Don't grab my jacket dunn Hollow Dartz's Avatar
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    Default Re: Ghostface gives Jay-Z taste of new album

    damn

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    aka PROFIT venex's Avatar
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    Default Re: Ghostface gives Jay-Z taste of new album

    thanks for the info...

    peace!
    Shaolin shadowboxin' and the wu-tang swordstyle...
    If what you say is true...
    The shaolin and the wu-tang could be dangerous!
    En garde, I'll let you try my wu-tang style...

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    Veteran Member Cm0ney's Avatar
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    Default Re: Ghostface gives Jay-Z taste of new album

    good read

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    Default Re: Ghostface gives Jay-Z taste of new album

    man jay-z probaly not feelin hat shit. thats y the roc a fella nigga went copper this year!!!!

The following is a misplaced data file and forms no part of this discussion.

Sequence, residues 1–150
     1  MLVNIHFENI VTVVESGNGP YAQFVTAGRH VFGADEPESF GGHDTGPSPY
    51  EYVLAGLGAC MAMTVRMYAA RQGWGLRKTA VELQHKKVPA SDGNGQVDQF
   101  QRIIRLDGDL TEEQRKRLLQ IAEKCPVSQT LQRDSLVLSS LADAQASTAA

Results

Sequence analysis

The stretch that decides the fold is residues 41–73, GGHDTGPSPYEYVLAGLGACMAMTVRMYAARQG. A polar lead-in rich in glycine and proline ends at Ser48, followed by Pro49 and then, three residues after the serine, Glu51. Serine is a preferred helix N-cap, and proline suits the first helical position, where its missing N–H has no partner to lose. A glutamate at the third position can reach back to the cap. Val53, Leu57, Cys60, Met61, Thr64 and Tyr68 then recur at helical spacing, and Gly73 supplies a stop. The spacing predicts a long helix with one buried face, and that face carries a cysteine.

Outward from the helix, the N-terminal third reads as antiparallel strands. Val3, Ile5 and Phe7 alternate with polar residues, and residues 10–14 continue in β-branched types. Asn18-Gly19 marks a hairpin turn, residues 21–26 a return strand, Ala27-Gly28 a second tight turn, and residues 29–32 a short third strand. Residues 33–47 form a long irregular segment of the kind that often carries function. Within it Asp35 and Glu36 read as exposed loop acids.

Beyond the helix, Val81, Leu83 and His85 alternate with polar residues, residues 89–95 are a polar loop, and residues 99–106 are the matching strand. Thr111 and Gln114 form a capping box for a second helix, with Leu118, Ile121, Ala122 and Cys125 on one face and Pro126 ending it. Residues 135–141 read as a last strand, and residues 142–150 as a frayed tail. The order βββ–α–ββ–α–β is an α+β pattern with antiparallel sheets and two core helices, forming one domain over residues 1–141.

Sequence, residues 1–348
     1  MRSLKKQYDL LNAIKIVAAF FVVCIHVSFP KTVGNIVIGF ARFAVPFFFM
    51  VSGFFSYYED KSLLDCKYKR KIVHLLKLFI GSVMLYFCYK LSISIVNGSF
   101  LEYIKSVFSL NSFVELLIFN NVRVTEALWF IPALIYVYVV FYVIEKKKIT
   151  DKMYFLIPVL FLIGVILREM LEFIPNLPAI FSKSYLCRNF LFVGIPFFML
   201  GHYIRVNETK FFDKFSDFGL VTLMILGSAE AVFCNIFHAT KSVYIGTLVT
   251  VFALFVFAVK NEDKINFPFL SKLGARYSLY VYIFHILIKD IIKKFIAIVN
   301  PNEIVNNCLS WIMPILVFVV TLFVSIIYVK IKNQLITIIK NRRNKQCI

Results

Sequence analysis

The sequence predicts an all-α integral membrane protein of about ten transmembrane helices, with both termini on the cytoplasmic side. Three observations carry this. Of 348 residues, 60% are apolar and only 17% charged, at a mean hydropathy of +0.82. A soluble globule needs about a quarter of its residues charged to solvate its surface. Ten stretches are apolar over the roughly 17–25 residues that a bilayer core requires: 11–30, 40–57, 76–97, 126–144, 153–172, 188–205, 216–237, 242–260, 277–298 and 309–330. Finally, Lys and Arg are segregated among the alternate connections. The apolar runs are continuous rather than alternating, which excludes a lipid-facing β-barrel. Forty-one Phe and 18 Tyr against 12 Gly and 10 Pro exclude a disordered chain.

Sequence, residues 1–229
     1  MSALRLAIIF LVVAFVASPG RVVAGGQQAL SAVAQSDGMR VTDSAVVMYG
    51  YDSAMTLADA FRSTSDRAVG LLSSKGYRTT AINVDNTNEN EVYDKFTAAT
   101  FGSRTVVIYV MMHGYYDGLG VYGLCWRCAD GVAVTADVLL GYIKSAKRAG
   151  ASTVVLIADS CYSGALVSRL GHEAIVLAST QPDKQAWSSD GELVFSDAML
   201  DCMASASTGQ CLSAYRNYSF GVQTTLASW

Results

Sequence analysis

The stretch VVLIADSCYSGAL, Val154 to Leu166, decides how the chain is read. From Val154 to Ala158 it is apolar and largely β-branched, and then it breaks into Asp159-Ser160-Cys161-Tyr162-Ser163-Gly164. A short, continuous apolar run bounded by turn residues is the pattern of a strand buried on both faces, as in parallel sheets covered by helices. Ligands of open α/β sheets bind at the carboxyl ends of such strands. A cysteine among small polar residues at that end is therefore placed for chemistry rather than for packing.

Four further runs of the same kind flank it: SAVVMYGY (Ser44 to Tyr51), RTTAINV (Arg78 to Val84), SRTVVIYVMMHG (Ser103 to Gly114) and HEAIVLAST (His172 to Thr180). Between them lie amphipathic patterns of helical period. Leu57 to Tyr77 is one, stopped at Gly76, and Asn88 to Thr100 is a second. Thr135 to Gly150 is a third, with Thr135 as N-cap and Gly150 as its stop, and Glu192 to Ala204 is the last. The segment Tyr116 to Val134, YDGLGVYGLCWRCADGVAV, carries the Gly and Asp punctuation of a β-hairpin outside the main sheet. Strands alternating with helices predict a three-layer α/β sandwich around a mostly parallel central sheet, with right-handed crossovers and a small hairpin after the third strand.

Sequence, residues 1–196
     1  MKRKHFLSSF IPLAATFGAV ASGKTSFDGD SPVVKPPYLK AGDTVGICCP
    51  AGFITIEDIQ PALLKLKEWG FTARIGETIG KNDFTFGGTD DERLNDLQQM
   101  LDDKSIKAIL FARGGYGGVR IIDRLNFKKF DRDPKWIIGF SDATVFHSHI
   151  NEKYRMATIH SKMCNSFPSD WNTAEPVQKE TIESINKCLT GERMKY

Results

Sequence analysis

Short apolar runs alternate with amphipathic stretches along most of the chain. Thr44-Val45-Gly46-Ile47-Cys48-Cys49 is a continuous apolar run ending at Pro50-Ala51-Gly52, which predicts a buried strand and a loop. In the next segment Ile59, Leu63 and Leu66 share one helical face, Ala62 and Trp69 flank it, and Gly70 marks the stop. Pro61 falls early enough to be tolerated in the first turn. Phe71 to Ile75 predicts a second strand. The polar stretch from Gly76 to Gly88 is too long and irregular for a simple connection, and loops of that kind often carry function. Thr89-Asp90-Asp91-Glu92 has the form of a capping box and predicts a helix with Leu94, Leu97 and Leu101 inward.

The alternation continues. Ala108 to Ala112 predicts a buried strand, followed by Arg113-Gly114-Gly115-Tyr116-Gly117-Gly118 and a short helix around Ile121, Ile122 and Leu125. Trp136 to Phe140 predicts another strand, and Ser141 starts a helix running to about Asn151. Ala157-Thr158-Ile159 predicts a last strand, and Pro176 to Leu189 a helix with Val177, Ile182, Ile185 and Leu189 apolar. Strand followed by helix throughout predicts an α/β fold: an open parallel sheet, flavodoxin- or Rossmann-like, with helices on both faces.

6. #6

    Default Re: Ghostface gives Jay-Z taste of new album

    The DEFUNCT Wu-Tang Clan?

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    Digital @fterLife INF's Avatar
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    Default Re: Ghostface gives Jay-Z taste of new album

    Good thread. One.

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    Three Six Mafia CrunchyBlack's Avatar
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    Default Re: Ghostface gives Jay-Z taste of new album

    Quote Originally Posted by OwnageNinja
    The DEFUNCT Wu-Tang Clan?
    lol...i was thinking the same thing.
    http://www.dopegame.com/index.php?ref=23302

  9. #9

    Default Re: Ghostface gives Jay-Z taste of new album

    U can tell a white man wrote that article
    Walk In My Shoes, Hurt Ya Feet, Then Yall Gone Know Why I Do Dirt In The Street.

    "Shorty gimme more a u, ill take on 4 of u, plus 44 of the 48 laws for u"

    "The Future is a mystery, the past is history, today is a
    gift thats why its called the present"

    Um on 7 Mile Ridin fuckin Dirty

    Cass Corridor as well punk


    www.forgottenmichigan.com

  10. #10
    JOKER FAM Sicka than aidZ's Avatar
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    Default Re: Ghostface gives Jay-Z taste of new album

    zzz..zz...zzz...
    "BACK TO FUKIN WERK 1 OF YOUR THREADZ JUST GOT DUSTED"

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    Default Re: Ghostface gives Jay-Z taste of new album

    wu-tang defunct? please